Posted in Baseball Military History

Military veterans of Major League Baseball

Thousands of Major League Baseball players have answered the nation’s call, serving in two world wars, Korea, Vietnam, and peacetime. The following post is just one of what will become several slideshows of players who served in the United States Armed Forces.

Gil Hodges

On 3 October 1943, a rookie Brooklyn Dodger named Gil Hodges hops off the bench for his first-ever professional baseball game (Hodges played college ball for St. Joseph’s College then went straight into the Minor Leagues). Cincinnati ace Johnny Vander Meer — who would serve in the Navy during World War II — strikes Hodges out twice, but Hodges draws a walk in his third and final plate appearance of the season. After this game he joins the Marine Corps, playing baseball for the 16th Anti-Aircraft Artillery Battalion while on Hawaii, but soon ships out for combat on Tinian and is among the first troops ashore on Okinawa, where the future eight-time All Star earns a Bronze Star for valor.

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Posted in Baseball

Runs, Hits, and Ray Durhams

On this day 21 years ago, Chicago White Sox second baseman Ray Durham tied a Major League record by reaching base three times on errors. I don’t know how he got in the heads of the Cleveland Indians, but they committed two more errors while Durham was running the bases.

Durham lead off the game by reaching first on an error by future Hall of Fame first baseman Jim Thome. Another HOF’er, Frank Thomas hits a homerun, and Durham scores.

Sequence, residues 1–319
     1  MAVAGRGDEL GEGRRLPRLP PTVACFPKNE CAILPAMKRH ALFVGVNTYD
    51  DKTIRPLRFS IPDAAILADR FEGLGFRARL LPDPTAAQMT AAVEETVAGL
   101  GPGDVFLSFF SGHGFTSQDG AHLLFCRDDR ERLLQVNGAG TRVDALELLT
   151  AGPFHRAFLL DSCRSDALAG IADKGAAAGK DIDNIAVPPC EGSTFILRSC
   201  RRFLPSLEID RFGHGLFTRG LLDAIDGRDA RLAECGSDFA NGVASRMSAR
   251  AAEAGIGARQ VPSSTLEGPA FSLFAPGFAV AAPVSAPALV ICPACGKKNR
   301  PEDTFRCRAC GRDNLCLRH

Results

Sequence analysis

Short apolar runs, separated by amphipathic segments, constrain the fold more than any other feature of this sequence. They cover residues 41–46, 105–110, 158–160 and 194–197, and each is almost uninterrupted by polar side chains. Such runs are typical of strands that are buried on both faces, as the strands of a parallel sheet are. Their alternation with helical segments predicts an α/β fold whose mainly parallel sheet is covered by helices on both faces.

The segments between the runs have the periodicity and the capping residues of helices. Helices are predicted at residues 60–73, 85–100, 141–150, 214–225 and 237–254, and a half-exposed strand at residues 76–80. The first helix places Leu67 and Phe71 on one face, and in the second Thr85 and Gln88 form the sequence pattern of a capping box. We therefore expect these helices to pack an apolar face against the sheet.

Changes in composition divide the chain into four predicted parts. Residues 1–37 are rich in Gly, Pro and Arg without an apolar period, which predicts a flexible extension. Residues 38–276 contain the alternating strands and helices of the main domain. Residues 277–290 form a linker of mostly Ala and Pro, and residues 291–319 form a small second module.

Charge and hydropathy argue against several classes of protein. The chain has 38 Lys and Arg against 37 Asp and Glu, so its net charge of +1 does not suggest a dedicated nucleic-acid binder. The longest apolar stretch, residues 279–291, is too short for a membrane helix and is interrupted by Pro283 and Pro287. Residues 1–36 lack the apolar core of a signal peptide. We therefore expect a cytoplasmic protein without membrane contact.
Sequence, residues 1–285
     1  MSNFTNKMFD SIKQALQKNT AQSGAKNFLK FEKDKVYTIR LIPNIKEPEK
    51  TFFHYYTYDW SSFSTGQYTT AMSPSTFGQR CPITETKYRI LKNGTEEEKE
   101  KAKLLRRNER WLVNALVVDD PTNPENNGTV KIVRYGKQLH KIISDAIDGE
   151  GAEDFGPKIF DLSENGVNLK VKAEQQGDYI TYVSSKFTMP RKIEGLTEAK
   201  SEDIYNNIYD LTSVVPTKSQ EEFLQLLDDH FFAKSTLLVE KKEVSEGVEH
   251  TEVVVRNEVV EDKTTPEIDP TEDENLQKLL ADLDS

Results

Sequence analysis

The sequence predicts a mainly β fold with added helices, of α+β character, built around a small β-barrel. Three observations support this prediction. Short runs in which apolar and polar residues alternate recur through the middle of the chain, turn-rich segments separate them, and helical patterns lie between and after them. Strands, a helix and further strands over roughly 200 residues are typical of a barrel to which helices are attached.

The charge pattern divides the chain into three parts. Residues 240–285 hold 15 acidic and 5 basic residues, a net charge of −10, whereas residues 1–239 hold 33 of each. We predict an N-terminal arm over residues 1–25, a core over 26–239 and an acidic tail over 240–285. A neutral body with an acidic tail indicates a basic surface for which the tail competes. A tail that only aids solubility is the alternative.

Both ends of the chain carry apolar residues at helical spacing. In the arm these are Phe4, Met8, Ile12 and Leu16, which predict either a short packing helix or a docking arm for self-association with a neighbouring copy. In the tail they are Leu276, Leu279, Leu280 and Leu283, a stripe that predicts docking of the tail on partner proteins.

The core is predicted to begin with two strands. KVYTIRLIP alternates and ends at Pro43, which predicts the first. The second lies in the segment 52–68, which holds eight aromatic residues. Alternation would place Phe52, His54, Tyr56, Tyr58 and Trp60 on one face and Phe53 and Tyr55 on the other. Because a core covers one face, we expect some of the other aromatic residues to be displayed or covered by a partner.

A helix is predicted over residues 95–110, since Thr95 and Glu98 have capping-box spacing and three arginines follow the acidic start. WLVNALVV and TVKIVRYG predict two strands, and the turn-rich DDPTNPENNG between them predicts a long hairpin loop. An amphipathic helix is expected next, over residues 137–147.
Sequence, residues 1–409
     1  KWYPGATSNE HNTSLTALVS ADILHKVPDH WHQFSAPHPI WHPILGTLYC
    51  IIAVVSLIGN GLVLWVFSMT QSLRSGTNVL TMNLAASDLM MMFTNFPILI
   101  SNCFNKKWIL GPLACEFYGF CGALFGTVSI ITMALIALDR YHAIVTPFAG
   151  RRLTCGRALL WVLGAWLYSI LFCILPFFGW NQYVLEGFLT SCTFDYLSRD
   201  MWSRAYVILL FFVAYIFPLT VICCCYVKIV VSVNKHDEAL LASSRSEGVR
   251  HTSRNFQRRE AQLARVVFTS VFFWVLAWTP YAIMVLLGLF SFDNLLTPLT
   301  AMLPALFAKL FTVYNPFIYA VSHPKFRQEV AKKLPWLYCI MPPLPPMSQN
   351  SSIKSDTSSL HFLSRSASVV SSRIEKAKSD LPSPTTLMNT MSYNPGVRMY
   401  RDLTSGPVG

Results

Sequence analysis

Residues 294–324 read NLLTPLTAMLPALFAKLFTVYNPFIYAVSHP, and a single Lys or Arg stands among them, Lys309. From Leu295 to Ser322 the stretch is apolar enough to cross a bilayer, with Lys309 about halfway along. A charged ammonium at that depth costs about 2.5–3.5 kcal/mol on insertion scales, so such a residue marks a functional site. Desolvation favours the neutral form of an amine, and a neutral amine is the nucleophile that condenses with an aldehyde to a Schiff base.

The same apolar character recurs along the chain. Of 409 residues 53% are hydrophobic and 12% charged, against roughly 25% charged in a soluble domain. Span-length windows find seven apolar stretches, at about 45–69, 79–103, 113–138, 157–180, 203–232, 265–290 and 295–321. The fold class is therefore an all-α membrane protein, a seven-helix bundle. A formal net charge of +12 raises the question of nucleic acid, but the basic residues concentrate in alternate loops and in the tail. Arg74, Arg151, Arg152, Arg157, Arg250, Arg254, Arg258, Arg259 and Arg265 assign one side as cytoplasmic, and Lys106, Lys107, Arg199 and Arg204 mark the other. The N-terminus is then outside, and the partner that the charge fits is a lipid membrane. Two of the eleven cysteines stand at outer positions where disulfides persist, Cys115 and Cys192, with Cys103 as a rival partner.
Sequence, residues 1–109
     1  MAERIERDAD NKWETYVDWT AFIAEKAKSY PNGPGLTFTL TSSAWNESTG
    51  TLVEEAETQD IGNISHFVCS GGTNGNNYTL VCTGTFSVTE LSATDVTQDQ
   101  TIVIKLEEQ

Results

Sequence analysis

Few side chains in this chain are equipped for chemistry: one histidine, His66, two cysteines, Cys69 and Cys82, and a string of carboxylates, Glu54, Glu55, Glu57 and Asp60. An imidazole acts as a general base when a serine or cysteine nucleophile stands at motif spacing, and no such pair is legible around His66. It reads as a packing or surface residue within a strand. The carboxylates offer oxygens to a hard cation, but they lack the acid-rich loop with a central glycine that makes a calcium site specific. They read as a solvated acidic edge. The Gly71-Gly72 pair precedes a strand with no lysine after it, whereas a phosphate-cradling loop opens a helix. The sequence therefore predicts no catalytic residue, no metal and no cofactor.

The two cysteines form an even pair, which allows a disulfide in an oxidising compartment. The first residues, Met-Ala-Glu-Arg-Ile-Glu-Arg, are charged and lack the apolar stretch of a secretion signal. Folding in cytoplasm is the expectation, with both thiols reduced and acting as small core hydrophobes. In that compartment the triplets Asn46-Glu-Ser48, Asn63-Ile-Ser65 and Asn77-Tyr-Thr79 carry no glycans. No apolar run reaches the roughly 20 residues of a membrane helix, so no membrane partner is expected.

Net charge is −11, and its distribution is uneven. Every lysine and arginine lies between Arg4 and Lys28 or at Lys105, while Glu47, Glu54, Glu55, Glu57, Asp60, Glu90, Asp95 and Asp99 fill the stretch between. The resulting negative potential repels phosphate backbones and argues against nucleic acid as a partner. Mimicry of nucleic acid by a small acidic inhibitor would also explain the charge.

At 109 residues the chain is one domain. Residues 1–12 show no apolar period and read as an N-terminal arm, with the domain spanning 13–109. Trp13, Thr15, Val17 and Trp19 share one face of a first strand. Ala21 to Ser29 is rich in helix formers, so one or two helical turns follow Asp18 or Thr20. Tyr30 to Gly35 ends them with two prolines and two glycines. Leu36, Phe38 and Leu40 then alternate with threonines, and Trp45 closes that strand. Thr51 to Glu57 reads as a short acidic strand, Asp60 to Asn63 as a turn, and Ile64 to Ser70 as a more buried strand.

Durham ranks as one of baseball’s top leadoff homerun hitters in history.

Leading off the top of the third Durham reaches again, this time on an error by pitcher Charles Nagy. He steals second base and advances to third on a throwing error by catcher Sandy Alomar Jr. A sacrifice fly by Thomas and Durham scores again.

In the fifth inning, Durham makes it to first on another error by Thome. He then scores again on a double to right by Albert Belle. The score is now Ray Durham 3, Cleveland 1.

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Posted in Baseball

No one comes close to RBI-machine Pujols

Congratulations to former St. Louis Cardinal Albert Pujols for surpassing Babe Ruth on the (official) all-time runs batted in list.

Sure, Ruth’s numbers are lower due to the fact that Major League Baseball didn’t count RBIs until 1920, but even counting the Bambino’s actual numbers, Pujols could be just one swing away from passing both Lou Gehrig and Barry Bonds to become fourth on the all-time records.

All-Time RBI Leaders (as of April 21, 2019)

Hank Aaron2,297
Babe Ruth2,213
Alex Rodriguez2,086
Barry Bonds1,996
Lou Gehrig1,995
Albert Pujols1,993

Equally impressive is the fact that he is one of only seven active players to have driven in over 1,000 runs, and other than Miguel Cabrera, no one else even comes close.

2012 Triple Crown winner Miguel Cabrera

Pujols (39 years old) 1,993 RBI
Miguel Cabrera (36) 1,640
Robinson Cano (36) 1,242
Edwin Encarnacion (36) 1,171
Ryan Braun (35) 1,068
Nelson Cruz (38) 1,023
Matt Kemp (34) 1,010